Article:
Atele Agritourism Tourism Park aims for 2023 opening

The 20-acre Agritourism Park in Atele is taking shape and the Samoa Tourism Authority [S.T.A.] hopes it will be open by 2023. 

The project was first envisioned by the Ministry of Agriculture and Fisheries in 2017 and projected to cost £3.5 million [$10.8 million] with donor support. The Atele Park is being developed by taxpayer dollars [funding is yet to come through].

The S.T.A. Chief Executive Officer, Faamatuainu Lenatai Suifua, said the delay in funding has not delayed the project, with the majority of the groundwork now complete and ready for landscaping.

With $250,000 in annual budget money, a team of 10 workers led by the programme’s Principal Agritourism Officer Tumua Anthony McCarthy. They are doing their best on a limited budget, 

They have already dug out an area ready for a pond, built a lavish concrete stairwell, and, between sections of the property, dirt roads are ready for golf carts.

But the Government does not expect to operate the site once it is up and running, rather it intends to hand over sections to manage to various farmers’ groups, growers, and private businesses instead.

“When we first started no one wanted to join,” Faamatuainu told the Samoa Observer.

“We asked the private sector, they said they [would] see. But once we started doing tours around the site and they [saw] the landscaping then people [started showing] their interest.”

According to Tumua and Faamatuaniu, complete budgeting for the site has not been completed. There are no predictions about how much maintenance and operations will cost, nor revenue forecasts.

The C.E.O. expects entry fees to bring in revenue while there will be additional retail opportunities on site such as vegetables, cafes and handicrafts. But before any calculations are made, he said, the site needs to be ready.

“The Government is trying to build up the infrastructure and then hand it over to the private sector,” he said. 

“If you don’t have anything set up it will be difficult to convince them.”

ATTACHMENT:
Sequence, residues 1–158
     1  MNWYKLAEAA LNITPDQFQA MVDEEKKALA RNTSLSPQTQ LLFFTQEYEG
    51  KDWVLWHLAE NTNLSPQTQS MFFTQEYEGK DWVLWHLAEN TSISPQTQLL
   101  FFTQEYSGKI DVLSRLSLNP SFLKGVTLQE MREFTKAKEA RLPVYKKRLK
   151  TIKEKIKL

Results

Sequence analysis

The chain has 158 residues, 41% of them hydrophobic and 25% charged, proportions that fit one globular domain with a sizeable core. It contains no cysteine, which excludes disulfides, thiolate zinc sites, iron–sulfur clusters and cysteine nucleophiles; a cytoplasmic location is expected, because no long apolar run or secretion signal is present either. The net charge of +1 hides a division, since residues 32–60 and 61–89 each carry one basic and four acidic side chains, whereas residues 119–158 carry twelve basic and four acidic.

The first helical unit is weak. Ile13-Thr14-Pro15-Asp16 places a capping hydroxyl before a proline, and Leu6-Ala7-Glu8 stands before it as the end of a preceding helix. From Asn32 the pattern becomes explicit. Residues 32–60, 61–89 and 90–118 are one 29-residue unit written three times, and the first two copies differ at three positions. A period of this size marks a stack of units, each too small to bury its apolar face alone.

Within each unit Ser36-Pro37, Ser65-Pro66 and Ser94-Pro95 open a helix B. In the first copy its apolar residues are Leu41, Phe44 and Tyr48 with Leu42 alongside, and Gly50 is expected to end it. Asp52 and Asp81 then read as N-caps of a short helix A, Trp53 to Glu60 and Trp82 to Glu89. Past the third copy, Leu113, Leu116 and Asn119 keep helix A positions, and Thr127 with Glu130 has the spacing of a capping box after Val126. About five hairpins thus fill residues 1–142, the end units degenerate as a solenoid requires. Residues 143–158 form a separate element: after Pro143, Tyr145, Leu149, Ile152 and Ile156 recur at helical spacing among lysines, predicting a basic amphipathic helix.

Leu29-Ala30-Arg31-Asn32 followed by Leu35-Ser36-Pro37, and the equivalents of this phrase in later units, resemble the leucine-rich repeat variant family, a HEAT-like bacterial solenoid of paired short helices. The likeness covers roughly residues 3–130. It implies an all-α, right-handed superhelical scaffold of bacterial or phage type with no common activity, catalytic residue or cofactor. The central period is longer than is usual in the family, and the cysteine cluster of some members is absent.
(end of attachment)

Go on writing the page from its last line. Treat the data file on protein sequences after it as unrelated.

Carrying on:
In handing over sections to the private sector or farmers’ associations Faamatuainu expects to cut down on the development cost while the S.T.A. awaits promised funding.

Associations taking over plots will be responsible for landscaping, maintenance and eventually staffing when the site is open for visitors. 

Among the operators already signed up to manage plots are the Savai’i Farmers’ Association and the Suluape family of Tatau artists.

The S.T.A. hopes the farmers’ associations and traditional healers will also be eager to take up space.

With plots for local vegetables, root crops, flowering trees and fruit, the site will be labelled and ready for guided tours, family events and official meetings or gatherings too.

There is also a greenhouse on-site. 

In 2019, an S.T.A. led team joined a meeting in Fiji which focused on improving the policy links in agriculture, trade and tourism as part of the development work for the site and other agritourism initiatives.

Faamatuainu has previously said he hopes the site will be something akin to council gardens like the Hamilton Botanic Gardens. 

For now with just 10 workers, some of the landscaping has to be done the fast way, Tumua said. But eventually when the site is ready the landscaping will switch to being done without inorganic pesticides.

“With the manpower we have at the moment… once it’s all going then no more spraying,” he said. 

Reporter Sapeer Mayron and Photographer Aufa'i Areta Areta were hosted at Atele Park alongside local media courtesy of the Samoa Tourism Authority

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